The bridge was as silent as the suspension bay. However, a survey of the blinking panels and rotating 3D displays revealed that the entire ship had power. The pods had been some kind of anomaly. Relieved, Christine settled into the pilot’s chair (Sven Harlsson, gone like all the rest) and searched the cluttered controls until she found the viewport activation button. The curved shields slid open, revealing a hemisphere of blackness. For the first time, Christine gazed out into the emptiness of interstellar space.
Terror tightened her throat. She was falling into the immense void before her, drowning in the utter absence of light or form. She closed her eyes, trying to summon the scientist within her. No one had seen this before, the vast reaches of the universe outside Earth’s solar system. She was the first.
She forced herself to peer into the darkness, pressing against the transparent carbon-crystal of the viewport. As her vision adapted, she found she could see faint glowing clouds that must be galaxies and pinpricks of light that were distant stars. The universe was not totally empty, after all. She swallowed her fear and tried to speak.
"Request interstellar coordinates.” Her long-unused voice came out as a croak, but Archimedes understood her command.
“359˚ 56’ 39.5’’ galactic latitude, -2˚ 42’ 46.3’’ galactic longitude,” the ship replied crisply.
“Request distance from Sirius cluster.”
“Approximately thirty-four-point-seven light years.”
“What?” That was farther away than they’d been when they started! “There must be a mistake! Recheck your calculations.”
The ship’s computer hesitated for a fraction of a second—almost as though it were offended, Christine thought. “There is no error. Current position is 34.68643 light years from Sirius, 41.321966 light years from Terra. Current speed is .917 c. Heading is 22˚ 13’ b by 9˚ 2’ l.”
Forty-one light years from Earth! Had they overshot their goal? Of course, a tiny miscalculation in their initial trajectory would be magnified into an increasingly large discrepancy the farther the ship travelled from its starting point. “How long has it been since departure?”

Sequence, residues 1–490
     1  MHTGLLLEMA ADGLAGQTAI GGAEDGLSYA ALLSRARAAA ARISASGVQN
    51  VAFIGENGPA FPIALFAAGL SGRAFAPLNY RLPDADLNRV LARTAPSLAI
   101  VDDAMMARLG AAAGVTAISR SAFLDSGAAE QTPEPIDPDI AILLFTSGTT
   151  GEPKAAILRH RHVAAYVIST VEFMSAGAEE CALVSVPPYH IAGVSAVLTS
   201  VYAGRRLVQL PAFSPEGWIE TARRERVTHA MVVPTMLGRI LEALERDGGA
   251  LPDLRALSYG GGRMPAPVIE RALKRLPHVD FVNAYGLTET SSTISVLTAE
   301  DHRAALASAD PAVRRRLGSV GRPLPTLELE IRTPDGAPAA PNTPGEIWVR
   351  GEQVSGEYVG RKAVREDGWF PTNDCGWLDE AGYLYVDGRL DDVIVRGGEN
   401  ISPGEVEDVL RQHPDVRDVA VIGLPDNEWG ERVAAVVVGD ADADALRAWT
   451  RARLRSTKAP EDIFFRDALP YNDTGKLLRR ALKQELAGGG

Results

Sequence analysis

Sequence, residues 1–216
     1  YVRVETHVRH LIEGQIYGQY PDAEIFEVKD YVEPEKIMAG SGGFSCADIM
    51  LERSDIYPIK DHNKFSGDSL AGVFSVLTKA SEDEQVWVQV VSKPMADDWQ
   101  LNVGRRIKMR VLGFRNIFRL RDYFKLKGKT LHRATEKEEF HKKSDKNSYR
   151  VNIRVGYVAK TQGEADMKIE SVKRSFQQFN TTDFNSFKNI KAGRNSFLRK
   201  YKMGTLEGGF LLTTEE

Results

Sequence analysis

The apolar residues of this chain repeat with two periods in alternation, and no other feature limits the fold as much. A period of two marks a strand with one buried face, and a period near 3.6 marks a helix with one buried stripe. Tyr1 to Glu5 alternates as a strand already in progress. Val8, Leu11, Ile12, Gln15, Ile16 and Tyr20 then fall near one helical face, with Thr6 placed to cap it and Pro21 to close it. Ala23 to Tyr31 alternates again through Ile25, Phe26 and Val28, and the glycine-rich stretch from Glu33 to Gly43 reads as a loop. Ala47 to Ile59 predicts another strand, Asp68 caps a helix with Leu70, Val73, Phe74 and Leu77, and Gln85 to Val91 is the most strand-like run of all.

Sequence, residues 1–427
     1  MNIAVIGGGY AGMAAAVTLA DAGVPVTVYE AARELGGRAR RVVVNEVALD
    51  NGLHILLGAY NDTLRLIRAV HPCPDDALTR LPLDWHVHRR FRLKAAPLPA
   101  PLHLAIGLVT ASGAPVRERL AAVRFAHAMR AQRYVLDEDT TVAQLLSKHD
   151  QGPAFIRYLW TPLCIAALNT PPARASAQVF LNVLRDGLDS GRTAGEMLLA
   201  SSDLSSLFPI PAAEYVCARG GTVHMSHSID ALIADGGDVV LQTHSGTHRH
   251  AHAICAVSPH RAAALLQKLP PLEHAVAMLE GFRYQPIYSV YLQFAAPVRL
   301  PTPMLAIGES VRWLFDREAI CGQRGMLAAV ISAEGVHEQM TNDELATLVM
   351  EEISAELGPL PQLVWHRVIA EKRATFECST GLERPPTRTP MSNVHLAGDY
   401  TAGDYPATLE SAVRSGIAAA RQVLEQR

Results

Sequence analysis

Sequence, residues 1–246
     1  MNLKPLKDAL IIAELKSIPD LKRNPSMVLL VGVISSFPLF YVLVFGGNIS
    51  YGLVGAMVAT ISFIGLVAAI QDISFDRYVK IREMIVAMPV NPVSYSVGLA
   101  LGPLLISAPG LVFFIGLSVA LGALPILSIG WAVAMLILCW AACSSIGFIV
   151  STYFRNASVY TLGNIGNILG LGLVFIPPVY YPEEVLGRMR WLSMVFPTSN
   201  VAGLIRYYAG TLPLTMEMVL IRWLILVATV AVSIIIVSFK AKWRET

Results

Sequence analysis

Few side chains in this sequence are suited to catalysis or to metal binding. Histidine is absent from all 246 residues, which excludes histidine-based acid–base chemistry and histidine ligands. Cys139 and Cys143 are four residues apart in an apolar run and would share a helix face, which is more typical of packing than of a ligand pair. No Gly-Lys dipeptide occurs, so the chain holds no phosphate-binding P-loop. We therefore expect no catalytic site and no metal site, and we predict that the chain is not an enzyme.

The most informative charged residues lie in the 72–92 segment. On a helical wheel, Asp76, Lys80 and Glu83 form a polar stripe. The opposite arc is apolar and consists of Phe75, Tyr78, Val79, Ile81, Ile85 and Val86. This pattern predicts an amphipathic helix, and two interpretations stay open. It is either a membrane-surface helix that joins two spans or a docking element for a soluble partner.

“Four years, sixty-two days, four hours and twenty-two minutes,” the ship intoned.
Only four years? “That’s not possible,” Christine objected. Given their maximum velocity, they could not have travelled anywhere near this far. Something was very wrong.
“Run full self-diagnostics,” she ordered. “Report any faults.”
The computer was silent for about ten seconds. Christine stared out of the viewport, wondering whether any of the faint, flickering points of brightness might be Sol.
“Self-diagnostics completed,” Archimedes announced. “No faults detected.”
Christine leaned back in the padded chair with a weary sigh. Pain pounded in her temples. Her usually nimble mind felt stiff and rusty. She had to figure this out.
Once again, she saw Ravin’s blank, lifeless face. She had not loved him, but she had respected him, and he had given her pleasure during their pre-launch familiarisation exercises. She found that she missed him. “The crew are all dead,” she murmured to herself. “I’m the only one left, and I’m lost in space, billions of kilometres off course.
“All suspension pod power was terminated,” the ship commented. “A collision with unidentified debris damaged the electrical distribution cables in the hull. Backup systems failed to engage.”
“What? How long ago did this happen?”
“Sixty-two hours and seventeen minutes ago.” Less than three days! If she had awakened a bit sooner, she might have saved them. The impact must have triggered the reactivation sequence in her own pod. Or perhaps the backup had kicked in to handle the life support for her pod alone.
“EVA is recommended to repair the breach,” Archimedes added. “Probability of atmospheric loss over the next twenty-four hours is point-four-six.”
Christine collapsed on to the control panel, her face buried in her hands, squeezing her eyes tight to hold back the tears. The ship wanted her to risk her life, venturing outside to patch the hole before the air escaped. But why should she bother? She was dead one way or the other.
The vastness of space weighed on her, even when she was not looking at it. The unending blackness threatened to smother her. She felt as empty and hollow as the universe stretching into infinity on every side.
For sexier, less scientific excerpts - visit my web site or check out Justine Elyot's blog!